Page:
Today’s post by Andrew Sullivan on his blog over at the Atlantic discusses the specter of racism within China, and the implications it could have on both the social and economic future of the country. As the ratio of retirees to workers is set to double within the next fifteen years, questions surrounding the economic sustenance will begin to necessitate an influx of emigrants to keep the economy growing.
The issue of the aging populace is also punctuated by the disparity between the sexes that has arisen in the past few decades due to the one-child policy. With many young men unable to find wives and an increasingly old workforce, it’s an inevitability that China will need more workers by 2025. However, the question remains: will Chinese society be capable of accepting such diversity within its own borders?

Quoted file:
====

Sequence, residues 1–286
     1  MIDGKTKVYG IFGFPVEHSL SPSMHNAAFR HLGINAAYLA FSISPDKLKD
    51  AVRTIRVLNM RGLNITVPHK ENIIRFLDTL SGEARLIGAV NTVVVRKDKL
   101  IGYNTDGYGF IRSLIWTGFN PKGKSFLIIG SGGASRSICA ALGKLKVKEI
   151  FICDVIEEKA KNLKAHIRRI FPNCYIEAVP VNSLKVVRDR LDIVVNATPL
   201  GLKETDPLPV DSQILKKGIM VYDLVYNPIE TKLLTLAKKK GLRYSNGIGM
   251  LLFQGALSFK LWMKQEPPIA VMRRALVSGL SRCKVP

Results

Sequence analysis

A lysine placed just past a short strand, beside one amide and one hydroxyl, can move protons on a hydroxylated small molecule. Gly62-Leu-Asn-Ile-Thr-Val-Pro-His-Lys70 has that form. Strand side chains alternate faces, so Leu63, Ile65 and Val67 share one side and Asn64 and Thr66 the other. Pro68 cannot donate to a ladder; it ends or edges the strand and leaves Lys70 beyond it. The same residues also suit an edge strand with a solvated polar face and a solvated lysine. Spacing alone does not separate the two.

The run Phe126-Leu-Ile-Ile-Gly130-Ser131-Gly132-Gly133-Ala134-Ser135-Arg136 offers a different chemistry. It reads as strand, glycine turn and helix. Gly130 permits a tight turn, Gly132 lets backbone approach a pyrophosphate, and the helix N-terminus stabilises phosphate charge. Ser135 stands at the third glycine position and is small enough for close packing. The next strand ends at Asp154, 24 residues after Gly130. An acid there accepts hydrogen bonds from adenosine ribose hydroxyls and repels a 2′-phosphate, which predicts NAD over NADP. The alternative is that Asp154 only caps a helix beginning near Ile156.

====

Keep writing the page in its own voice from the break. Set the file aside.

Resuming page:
Of course, we know firsthand the tension that exists between ethnically Han Chinese and ‘outsiders’, but with the massive amounts of non-Han migration within China in tandem with the government’s increasing influence in and outreach to Africa and the third world, could it possibly stay as pronounced? We also have our doubts that tension over civil rights could create the unity in diversity that has fueled the West’s economic development, especially with a political system that requires a harmonious facade.
Photo from Alexia Webster via The Daily Voice